GWAS of the RDoC Cognitive Systems Domain: Modeling the Latent Genetic Architecture of Working Memory This application is in response to NIMH PAR-17-158, ?Secondary Data Analyses to Explore NIMH Research Domain Criteria RDoC (R03).? The proposed two-year study will use existing genome-wide association study (GWAS) data from the Cognitive Genomics Consortium (COGENT) to investigate the latent molecular genetic architecture of working memory. Working memory is a core Construct of the RDoC Cognitive Systems Domain, defined as the active maintenance and flexible updating of goal/task relevant information in a form that has limited capacity and resists interference. Limited working memory capacity is a fundamental aspect of the cognitive impairments prevalent in many neuropsychiatric disorders. Most of the variability underlying differences in general working memory capacity can be traced back to inherited genetic factors. However, exactly how our DNA shapes the working memory system has yet to be established. As such, our objective is to identify the spectrum of genome-wide allelic variation underlying working memory ? from individual loci to genes to polygenic risk scores to functional biological pathways ? determined to be causal, not merely correlational, in relation to working memory performance. To accomplish our goals for the study, we will implement a new multivariate GWAS method, genomic structural equation modeling (Genomic SEM; Grotzinger, et al. Nat Hum Behav 2019), to conduct a common factor GWAS of working memory to identify genome-wide significant loci with effects on a genetically-derived general latent working memory factor (?Gwm?). We have individual-level GWAS data on 24,000 participants in COGENT who have contributed 100,000 performance-based working memory datapoints from objective clinical and laboratory tasks such as digit span, spatial span, letter-number sequencing, and N-back. At genome-wide scale, we will then establish the range of shared genetic architecture between working memory and correlated CNS phenotypes, and expect widespread coheritability to emerge. At the molecular level, Mendelian randomization will determine the direction of causality underlying significant pleiotropy between working memory and correlated CNS phenotypes such as ADHD, autism, and schizophrenia. Finally, to prioritize working memory loci for follow-up studies, functional mapping and annotation tools will characterize the biology of causal mechanisms associated with working memory. To our knowledge, this will be the most comprehensive and statistically powerful GWAS of working memory. The results are to be openly and rapidly shared with the research community. By deciphering the causal pathways through which allelic variation either perturbs or protects the working memory system, which in turn can disrupt or support the development and function of neural systems underlying working memory, we can leverage this existing RDoC dataset to enhance theoretical and neurobiological models of working memory more solidly grounded in molecular genetics for follow-up functional and mechanistic studies.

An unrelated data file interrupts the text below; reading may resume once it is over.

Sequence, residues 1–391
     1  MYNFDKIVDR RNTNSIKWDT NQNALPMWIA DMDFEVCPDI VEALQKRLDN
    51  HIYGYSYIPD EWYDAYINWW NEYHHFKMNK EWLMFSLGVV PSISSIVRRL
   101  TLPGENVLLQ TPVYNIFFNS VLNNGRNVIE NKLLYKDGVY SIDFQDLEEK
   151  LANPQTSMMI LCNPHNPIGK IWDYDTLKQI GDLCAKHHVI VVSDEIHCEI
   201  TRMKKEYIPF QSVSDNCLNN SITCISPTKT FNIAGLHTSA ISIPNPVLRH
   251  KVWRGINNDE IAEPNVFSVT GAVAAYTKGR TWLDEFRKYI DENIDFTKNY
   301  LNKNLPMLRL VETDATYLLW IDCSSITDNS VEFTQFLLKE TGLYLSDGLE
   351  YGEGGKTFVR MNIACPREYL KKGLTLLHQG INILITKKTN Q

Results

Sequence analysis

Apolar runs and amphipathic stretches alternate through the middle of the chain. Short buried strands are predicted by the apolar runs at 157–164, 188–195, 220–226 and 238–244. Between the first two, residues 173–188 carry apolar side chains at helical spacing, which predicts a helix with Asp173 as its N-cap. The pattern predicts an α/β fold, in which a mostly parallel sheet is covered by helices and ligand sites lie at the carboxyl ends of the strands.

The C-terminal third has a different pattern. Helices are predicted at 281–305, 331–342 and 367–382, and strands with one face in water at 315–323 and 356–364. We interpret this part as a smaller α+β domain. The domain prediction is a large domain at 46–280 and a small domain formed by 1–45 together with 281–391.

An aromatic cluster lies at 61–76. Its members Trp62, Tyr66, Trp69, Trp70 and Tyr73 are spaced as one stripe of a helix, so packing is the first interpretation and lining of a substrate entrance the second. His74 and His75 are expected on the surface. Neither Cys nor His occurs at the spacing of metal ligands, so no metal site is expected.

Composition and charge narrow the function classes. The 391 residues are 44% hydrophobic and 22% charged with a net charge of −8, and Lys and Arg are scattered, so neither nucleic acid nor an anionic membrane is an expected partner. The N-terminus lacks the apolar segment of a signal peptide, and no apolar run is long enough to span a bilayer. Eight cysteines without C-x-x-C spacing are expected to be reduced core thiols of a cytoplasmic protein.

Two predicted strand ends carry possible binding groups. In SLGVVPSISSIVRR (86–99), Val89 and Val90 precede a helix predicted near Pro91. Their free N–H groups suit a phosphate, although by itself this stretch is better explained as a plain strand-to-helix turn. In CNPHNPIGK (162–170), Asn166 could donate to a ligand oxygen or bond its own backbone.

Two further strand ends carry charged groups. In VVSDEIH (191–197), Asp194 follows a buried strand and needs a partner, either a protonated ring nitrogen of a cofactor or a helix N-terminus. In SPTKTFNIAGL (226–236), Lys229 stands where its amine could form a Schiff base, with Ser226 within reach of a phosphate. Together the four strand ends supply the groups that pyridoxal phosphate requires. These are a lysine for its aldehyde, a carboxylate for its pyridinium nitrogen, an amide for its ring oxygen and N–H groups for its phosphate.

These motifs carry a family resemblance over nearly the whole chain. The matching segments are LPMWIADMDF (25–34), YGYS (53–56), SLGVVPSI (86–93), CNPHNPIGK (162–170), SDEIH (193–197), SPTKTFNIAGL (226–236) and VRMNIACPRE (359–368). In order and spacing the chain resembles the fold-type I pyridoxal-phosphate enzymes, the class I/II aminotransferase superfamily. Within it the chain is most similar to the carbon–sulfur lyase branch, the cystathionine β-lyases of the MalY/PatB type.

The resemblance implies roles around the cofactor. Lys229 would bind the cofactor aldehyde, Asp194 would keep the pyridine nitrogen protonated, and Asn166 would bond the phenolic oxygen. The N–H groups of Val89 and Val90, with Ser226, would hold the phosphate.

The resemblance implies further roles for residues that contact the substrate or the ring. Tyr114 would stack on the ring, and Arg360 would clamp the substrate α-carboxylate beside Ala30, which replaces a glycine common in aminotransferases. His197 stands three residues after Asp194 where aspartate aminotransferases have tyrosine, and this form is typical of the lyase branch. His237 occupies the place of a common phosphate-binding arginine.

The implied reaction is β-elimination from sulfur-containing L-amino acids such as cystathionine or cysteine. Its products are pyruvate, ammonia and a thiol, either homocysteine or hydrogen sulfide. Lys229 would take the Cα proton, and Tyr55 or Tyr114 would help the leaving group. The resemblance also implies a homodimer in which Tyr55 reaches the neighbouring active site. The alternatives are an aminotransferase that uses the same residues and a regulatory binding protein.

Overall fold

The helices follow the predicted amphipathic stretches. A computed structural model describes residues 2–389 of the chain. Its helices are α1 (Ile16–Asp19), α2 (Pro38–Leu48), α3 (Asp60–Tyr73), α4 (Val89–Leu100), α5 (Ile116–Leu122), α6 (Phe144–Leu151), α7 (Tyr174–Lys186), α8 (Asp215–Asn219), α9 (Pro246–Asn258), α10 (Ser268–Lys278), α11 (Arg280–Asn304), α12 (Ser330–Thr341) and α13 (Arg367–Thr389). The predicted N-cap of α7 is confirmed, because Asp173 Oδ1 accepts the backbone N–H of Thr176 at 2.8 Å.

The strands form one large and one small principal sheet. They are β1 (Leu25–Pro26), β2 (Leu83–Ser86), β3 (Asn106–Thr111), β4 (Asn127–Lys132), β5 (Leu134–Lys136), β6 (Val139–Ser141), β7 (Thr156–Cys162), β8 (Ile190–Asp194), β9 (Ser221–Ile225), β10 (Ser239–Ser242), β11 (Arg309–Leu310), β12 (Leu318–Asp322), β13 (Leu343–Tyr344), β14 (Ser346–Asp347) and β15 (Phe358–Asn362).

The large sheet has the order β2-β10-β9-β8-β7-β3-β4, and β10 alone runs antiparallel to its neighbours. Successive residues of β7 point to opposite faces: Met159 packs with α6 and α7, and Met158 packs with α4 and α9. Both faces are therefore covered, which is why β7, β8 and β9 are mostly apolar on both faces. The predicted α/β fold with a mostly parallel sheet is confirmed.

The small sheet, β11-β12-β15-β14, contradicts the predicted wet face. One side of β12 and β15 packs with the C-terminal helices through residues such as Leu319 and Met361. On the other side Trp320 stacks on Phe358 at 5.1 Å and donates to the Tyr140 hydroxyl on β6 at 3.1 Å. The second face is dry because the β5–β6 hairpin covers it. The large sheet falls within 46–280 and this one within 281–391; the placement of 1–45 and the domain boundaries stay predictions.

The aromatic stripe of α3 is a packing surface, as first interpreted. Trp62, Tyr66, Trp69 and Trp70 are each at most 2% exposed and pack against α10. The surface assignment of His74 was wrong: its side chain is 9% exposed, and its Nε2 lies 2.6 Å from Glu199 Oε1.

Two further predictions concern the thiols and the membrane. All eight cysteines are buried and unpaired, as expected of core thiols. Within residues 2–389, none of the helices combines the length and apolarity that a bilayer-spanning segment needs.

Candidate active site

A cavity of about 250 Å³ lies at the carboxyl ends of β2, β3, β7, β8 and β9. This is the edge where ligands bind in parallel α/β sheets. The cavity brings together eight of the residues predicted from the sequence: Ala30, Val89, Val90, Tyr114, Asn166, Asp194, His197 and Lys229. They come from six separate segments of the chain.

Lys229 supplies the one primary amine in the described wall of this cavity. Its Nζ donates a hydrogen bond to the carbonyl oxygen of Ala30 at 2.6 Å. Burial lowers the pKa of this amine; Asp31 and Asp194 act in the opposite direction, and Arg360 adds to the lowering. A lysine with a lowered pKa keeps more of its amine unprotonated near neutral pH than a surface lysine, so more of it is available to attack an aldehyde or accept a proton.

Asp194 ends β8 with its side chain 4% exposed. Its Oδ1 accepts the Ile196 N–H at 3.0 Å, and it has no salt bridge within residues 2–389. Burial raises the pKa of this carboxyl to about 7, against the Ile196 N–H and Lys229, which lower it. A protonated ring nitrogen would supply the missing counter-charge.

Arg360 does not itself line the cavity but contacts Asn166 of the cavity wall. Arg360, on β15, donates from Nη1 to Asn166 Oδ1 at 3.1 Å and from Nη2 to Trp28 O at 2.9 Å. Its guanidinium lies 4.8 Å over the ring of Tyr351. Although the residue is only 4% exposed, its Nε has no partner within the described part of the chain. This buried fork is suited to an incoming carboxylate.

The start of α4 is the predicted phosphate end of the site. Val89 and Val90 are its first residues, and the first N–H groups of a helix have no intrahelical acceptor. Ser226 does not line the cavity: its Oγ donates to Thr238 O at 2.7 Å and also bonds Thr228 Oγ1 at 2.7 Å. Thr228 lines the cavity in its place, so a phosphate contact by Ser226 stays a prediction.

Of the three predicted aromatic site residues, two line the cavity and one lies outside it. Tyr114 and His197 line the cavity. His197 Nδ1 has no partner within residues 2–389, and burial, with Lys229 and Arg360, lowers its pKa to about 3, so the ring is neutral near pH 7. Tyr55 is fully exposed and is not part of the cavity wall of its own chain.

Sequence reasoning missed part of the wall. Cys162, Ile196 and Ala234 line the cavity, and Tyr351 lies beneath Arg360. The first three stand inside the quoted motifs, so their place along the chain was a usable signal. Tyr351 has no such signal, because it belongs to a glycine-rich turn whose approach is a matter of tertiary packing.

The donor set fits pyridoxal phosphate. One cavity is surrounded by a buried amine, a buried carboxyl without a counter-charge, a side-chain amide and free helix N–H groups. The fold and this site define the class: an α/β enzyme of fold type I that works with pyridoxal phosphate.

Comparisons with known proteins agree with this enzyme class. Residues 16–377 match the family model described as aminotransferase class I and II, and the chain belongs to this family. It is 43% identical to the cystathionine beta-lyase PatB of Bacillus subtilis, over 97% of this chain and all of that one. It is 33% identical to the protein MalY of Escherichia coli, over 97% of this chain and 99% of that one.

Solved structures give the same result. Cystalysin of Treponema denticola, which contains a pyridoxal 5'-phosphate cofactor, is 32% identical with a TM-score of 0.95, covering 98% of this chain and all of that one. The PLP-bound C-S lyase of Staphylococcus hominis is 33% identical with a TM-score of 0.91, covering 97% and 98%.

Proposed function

Poor working memory is a well-established cognitive risk factor implicated in both early appearing developmental disorders such as dyslexia and ADHD and later emerging neuropsychiatric disorders such as schizophrenia and depression. A general working memory latent factor (Gwm) that is 99%-100% heritable has been identified across multiple twin studies, yet the underlying molecular genetic mechanisms that either support or perturb the general working memory system to increase disease risk are poorly understood. This proposal will identify causal mechanisms associated with general working memory ability through a comprehensive genetics approach to improve our understanding of how limitations in working memory emerge from an individual's DNA sequence, which can inform psychiatric nosology, diagnostic practice, and aid in the development of improved therapeutic options to enhance working memory.